Small town living means that when you dial 911 you get the volunteer ambulance crew. It's just five guys. Five guys who can leave work when the pager goes off.
As you may know, I am an intensely private person in real life. It may not seem like it to read some of the stuff I post here or on other social media, but it's true. I don't let people into my home all willy-nilly. I really have to want you there to invite you in. If one's home is one's castle, then mine has a sizeable moat around it. A moat full of crocodiles. And the drawbridge is always up.
On one recent occasion, however, I had to make an exception.
Thanks to a herniated disk or two (or three), I've had some pretty significant back trouble recently. Normally I don't wear much to sleep in (Wait, what did I just say about my love of privacy?!) and I'm immensely, humbly grateful that on the particularly painful morning in question I managed to get out of bed and get dressed. I accomplished this by doing something, then lying flat on the bed to let my back realign before accomplishing another task or two and repeating the process.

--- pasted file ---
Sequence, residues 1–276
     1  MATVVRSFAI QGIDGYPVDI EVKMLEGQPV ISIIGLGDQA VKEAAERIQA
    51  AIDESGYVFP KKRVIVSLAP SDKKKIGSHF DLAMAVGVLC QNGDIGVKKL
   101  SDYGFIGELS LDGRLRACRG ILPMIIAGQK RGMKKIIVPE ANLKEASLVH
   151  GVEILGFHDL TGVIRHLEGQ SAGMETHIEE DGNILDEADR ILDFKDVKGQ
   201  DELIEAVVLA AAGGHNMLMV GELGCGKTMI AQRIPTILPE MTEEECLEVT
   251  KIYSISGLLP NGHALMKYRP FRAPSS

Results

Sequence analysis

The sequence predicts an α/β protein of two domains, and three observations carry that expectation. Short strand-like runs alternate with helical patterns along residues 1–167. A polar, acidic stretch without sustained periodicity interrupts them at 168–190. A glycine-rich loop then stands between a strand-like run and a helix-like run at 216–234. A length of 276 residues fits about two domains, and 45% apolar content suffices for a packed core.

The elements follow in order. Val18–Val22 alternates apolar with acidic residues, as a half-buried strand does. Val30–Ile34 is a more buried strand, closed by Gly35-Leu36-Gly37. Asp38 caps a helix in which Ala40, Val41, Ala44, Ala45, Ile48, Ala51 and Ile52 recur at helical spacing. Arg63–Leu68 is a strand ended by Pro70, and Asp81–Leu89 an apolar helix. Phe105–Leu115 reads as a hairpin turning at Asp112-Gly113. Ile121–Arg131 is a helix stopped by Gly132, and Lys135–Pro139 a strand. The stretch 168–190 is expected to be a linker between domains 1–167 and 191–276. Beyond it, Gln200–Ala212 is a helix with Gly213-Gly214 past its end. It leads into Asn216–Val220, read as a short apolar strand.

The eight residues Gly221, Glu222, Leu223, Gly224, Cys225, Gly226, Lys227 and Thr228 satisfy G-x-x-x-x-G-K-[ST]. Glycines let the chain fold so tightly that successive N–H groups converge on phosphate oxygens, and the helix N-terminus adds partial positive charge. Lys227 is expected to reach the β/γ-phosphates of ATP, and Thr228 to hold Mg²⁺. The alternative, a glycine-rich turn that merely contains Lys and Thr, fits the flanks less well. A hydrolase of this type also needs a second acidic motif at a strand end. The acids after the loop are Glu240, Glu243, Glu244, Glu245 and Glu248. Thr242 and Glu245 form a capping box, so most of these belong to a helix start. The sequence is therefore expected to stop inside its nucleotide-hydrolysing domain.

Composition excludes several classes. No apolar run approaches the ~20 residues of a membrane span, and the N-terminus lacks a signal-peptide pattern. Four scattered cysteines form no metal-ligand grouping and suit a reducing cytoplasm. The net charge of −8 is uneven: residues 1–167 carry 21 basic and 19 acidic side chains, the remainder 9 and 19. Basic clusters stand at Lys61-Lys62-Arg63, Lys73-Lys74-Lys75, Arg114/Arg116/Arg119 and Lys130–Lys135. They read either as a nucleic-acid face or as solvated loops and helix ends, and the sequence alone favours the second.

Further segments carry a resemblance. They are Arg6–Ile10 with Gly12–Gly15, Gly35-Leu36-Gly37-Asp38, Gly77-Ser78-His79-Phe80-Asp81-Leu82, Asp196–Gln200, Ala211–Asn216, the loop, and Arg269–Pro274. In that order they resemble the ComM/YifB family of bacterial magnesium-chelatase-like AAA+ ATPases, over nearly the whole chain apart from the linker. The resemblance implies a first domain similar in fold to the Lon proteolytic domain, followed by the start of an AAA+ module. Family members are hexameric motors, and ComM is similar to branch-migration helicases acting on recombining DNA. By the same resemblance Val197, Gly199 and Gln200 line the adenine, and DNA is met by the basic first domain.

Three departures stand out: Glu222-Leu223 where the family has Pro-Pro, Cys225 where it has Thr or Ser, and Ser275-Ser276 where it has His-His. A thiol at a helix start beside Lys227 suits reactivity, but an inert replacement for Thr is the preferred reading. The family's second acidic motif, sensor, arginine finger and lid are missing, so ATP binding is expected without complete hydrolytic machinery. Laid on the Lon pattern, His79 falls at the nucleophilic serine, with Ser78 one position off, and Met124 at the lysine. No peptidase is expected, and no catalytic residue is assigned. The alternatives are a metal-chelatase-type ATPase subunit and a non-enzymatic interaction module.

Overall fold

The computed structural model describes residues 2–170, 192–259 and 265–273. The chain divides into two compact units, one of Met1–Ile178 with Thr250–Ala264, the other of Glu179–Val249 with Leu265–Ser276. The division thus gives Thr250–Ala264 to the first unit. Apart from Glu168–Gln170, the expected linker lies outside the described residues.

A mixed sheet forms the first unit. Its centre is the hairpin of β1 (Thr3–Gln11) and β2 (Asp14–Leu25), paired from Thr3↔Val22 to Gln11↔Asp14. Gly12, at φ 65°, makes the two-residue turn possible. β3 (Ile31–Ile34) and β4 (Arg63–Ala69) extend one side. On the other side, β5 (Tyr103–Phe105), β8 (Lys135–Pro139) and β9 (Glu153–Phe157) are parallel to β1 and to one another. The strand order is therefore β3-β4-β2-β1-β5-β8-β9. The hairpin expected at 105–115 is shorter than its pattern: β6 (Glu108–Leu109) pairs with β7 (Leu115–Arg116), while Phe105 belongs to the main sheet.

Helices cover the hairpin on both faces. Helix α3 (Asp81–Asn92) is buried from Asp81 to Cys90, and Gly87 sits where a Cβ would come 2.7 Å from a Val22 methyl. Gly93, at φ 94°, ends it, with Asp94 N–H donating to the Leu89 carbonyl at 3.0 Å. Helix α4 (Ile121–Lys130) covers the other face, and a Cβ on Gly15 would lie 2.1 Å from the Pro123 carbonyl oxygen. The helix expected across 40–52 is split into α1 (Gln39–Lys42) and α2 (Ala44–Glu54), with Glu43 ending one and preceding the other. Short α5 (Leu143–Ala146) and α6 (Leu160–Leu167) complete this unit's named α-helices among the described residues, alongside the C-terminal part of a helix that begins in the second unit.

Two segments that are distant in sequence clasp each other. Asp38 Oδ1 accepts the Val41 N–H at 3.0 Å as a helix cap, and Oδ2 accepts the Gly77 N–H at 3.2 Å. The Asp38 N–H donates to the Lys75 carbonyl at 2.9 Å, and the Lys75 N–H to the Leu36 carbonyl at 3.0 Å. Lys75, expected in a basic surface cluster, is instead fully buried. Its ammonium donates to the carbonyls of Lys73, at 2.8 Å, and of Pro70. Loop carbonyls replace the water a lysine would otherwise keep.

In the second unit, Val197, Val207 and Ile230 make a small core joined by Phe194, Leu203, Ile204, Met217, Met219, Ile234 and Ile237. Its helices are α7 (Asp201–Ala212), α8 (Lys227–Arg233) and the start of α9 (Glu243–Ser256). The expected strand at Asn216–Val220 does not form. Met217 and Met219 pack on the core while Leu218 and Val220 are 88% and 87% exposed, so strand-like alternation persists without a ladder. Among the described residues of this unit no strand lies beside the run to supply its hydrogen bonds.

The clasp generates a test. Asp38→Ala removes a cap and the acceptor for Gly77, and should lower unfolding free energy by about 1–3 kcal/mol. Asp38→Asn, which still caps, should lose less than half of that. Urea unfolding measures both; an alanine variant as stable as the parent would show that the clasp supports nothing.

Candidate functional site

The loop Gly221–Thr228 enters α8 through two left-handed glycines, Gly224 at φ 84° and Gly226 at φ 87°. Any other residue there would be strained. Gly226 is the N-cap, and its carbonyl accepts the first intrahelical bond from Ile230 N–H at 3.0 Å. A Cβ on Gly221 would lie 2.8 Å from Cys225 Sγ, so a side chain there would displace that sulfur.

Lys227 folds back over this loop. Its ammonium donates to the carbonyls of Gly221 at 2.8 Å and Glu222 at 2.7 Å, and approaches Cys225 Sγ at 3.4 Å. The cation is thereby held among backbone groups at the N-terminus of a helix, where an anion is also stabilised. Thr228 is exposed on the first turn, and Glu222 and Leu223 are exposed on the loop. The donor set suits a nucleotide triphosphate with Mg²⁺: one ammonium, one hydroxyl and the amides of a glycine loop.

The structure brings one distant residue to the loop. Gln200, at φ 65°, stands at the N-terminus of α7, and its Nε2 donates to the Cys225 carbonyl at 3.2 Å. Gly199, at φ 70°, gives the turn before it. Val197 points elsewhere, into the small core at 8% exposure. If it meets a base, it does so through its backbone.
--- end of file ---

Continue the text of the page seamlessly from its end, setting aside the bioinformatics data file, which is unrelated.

Once I got my clothes on, I laid down again before tackling my shoes, and that's when it happened - a serious spasm that left me unable to sit up. After the requisite gnashing of teeth, I realized I had no choice but to call for help.
That sort of pissed me off, but what must be done, must be done.
The ambulance was quick to arrive. The crew dragged a stretcher in through my unlocked front door and down the hall, struggling to manipulate it through the narrow space and into my bedroom. Once inside they surrounded the bed and stared down at me.
It was a most welcome invasion of privacy.
They discussed my situation amongst themselves, briefly, before deciding the solution was to lift me by the bed sheet and transfer me to the stretcher.
I was not going to be able to lie flat because they had to raise the head of the gurney to get it out my bedroom door and into the hallway. I was not looking forward to that ten foot bit of the trip, so I took deep breaths and tried to psych myself up for this tiny trauma. Just before lifting me, the man positioned at my left shoulder leaned down and looked into my face. I didn't really focus on him. Not until he said "I wondered why you weren't in your office yesterday when I went to see you."
Suddenly I recognized the face I'd paid scant attention to. A face attached to a man, in my bedroom, who was preparing to move the top of my fragile spine and the bits of me attached to it.
Have I mentioned that I'm a probation officer?
He didn't drop me. He didn't jerk the sheet. He didn't even whack my head against the headboard. I should probably give him community service credit for that.